Bettinelli-Olpin and Gillett chose to shoot the film primarily with a Sony PMW-EX3, which they chose so that the film's actors could carry it throughout the film.

The Show Without Fear

Fox released its first trailer for the film on October 16, , and a second trailer on December 5, Whereas the initial marketing campaign focused the intimate thriller aspects of the McCall's love story, later marketing concentrated specifically on the larger horror facets of the film. On January 14, prior to the release of the film, Fox promoted the movie by releasing a video of footage of an animatronic baby carriage and demon baby scaring passers-by in New York City.

Critical reception of Devil's Due was negative.

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  • The film's consensus reads: "Derivative and mostly uninspired, Devil's Due adds little to either the found-footage or horror genres that it's content to mimic. Much of the film's criticism centered upon the film's similarity to other films such as Rosemary's Baby and Paranormal Activity , [16] [17] an element that Fearnet reviewer Scott Weinberg remarked was likely more due to decisions by the film's production company than anything else. However, since initial release the film has found a cult following and director Eli Roth has been vocal in his support of the film and in a series of posts on his official Twitter account, wrote "Don't pre-judge Devil's Due because Rosemary's Baby is a 'holy grail' movie.

    It's so smart, creative, inventive, and fun. Very very scary. The guys at Radio Silence killed it. Devil's Due is a legit scary, smart, horror film. So many awesome scenes. I loved it. Common criticism aimed is at the film's use of "found footage" and asks the question "who assembled this footage? In that sense, it's a bit of an experiment that we were able to have fun with and as the character's [ sic ] lives spiral out of control, we're able to mirror that journey visually by shifting to different POVs. The movie begins very bright, very intimate and full of movement, but as the watchers close in our couple we shifted to a lot more of the static cameras that exist in the world, like the security cameras, with much wider frames.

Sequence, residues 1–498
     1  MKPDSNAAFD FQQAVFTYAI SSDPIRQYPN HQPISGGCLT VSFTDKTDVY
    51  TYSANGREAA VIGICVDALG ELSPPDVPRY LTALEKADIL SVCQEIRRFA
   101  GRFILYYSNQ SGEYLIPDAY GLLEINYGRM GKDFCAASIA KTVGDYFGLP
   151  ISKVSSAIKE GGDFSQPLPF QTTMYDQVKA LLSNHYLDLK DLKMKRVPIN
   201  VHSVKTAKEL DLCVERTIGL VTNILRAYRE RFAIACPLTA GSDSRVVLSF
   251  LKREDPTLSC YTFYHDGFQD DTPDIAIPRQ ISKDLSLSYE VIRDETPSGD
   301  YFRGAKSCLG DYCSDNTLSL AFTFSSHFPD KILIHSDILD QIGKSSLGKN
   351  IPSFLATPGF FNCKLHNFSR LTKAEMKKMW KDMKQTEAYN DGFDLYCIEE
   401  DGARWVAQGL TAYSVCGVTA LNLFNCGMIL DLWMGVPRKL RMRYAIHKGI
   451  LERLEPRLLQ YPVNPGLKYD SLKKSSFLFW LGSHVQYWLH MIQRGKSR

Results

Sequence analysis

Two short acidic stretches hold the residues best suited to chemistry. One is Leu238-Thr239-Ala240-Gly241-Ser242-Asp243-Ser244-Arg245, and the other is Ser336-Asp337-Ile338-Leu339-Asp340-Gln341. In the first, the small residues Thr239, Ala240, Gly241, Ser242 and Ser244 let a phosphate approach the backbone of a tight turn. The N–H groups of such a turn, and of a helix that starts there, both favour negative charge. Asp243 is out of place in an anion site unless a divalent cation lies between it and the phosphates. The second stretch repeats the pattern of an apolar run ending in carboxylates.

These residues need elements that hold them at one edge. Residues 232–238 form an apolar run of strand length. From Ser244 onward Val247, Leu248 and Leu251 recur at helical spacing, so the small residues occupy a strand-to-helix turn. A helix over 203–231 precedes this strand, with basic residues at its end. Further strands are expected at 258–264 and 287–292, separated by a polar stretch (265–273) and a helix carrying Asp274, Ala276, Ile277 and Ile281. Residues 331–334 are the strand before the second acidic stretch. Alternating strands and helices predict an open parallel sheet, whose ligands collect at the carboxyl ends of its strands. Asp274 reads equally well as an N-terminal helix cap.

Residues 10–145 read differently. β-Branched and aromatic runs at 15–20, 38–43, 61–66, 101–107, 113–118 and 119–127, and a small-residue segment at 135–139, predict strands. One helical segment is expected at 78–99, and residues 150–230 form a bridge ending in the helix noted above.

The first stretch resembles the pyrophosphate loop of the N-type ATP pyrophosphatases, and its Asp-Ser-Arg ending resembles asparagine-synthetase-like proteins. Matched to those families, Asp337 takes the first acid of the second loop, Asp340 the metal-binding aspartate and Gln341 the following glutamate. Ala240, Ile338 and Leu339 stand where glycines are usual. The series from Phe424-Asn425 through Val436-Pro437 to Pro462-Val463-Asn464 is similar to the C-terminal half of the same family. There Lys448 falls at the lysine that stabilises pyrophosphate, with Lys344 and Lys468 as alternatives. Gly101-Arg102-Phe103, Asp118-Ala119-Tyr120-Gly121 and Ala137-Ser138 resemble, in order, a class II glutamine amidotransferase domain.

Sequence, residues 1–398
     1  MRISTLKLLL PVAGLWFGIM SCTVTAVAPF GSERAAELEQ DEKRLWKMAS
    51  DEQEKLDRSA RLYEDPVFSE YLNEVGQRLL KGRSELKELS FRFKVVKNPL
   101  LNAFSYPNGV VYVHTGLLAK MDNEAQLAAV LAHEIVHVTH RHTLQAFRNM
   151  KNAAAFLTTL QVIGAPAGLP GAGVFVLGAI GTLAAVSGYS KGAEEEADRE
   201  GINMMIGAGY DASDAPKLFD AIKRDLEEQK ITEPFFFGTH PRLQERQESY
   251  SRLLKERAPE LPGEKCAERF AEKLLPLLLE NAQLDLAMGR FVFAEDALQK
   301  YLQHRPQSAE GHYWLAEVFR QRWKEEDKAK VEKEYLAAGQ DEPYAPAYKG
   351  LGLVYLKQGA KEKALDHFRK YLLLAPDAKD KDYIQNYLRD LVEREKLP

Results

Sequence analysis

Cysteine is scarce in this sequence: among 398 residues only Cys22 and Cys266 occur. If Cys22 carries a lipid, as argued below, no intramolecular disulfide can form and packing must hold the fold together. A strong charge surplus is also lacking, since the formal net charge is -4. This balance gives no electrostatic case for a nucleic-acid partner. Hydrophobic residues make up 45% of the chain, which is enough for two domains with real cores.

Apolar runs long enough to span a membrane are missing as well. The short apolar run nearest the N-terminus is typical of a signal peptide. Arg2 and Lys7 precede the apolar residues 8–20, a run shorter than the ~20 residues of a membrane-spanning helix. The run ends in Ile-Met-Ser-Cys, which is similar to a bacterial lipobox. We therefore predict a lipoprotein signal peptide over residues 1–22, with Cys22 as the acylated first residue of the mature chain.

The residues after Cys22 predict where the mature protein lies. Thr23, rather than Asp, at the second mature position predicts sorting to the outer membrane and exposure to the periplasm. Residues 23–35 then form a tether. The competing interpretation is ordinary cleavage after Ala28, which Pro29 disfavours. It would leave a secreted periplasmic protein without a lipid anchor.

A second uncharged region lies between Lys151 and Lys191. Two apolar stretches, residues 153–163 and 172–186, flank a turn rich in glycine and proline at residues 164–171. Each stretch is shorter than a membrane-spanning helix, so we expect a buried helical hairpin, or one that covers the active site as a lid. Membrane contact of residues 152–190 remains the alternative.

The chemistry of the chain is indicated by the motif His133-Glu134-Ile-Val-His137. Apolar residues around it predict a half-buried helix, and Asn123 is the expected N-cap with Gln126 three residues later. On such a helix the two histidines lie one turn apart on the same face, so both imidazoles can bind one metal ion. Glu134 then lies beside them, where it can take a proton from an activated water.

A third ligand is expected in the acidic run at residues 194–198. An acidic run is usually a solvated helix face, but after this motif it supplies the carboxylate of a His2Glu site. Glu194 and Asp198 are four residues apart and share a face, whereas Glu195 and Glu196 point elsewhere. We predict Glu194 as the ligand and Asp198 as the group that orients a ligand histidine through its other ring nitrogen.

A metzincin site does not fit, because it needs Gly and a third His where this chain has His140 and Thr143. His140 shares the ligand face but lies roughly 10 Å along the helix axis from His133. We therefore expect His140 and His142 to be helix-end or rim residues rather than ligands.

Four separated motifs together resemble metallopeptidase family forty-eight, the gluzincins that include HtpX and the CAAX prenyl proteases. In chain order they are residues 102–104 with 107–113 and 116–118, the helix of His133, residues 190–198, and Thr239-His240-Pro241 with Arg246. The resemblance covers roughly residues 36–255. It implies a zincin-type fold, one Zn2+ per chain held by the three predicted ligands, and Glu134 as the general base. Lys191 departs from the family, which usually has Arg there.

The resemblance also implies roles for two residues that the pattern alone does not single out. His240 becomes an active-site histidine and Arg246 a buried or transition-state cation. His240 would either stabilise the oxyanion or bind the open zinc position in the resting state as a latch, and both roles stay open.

That night, Ardra appears in Picard's room and attempts to seduce him but he rejects her advances, probably because he appears to be wearing a pair of curtains and no-one looks good in that. Annoyed at being spurned, she transports him to the planet and disables the Enterprise's transporters. It's a good job he doesn't sleep nude, that's all I'm saying.

    Data takes Picard back to the ship in a shuttle, but just before they dock it disappears, which is a lucky twist because it means the writers don't have to try and cram Crusher, Troi and Riker into a script that has no place for them. Back on the planet, Picard demands that Ardra go into contract arbitration with him. They agree that Data can be the arbitrator because he's an android and therefore can't lie unlike those toilet-cleaning mechanoids.

    If Picard wins, she gives up the planet. If she wins, Picard becomes her boy-toy. Sounds, er, fair. After a lot of talking it looks like Picard is about to lose, but luckily during a recess Geordi reveals that he's found Ardra's ship and can prove that she's a fraudster. After demolishing the historical superstition that Ardra did anything at all the superstitious respond well to facts, I believe Picard then demonstrates his own range of powers, proving that Ardra just has a box of tricks which he now controls.

    The Enterprise is removed from the cloaking field she placed on it, and Ardra stands revealed as a con-artist known across the sector. Ardra is about to escape when she's arrested by the Valaxians. She submits to her fate but says goodbye to Picard with a suggestive "Until we meet again…" — but that never happens again. Not even in the spin-off novels and comics. Can you believe they missed that trick? TNG WTF: Given how they completely nailed the designs for Fek'lhr and Ardra, I find it kind of funny that the version of the Devil that briefly turns up in this episode looks like something you'd find in a children's comic.

    It'd make a good Halloween costume, but if you were actually in Hell it'd be almost distractingly crap. Basically everything Data says in his capacity as judge is hilarious in its deadpan way. Picard's frustration is funny, especially when he gets left on the surface of the planet in his pyjamas. But the biggest burn in the episode?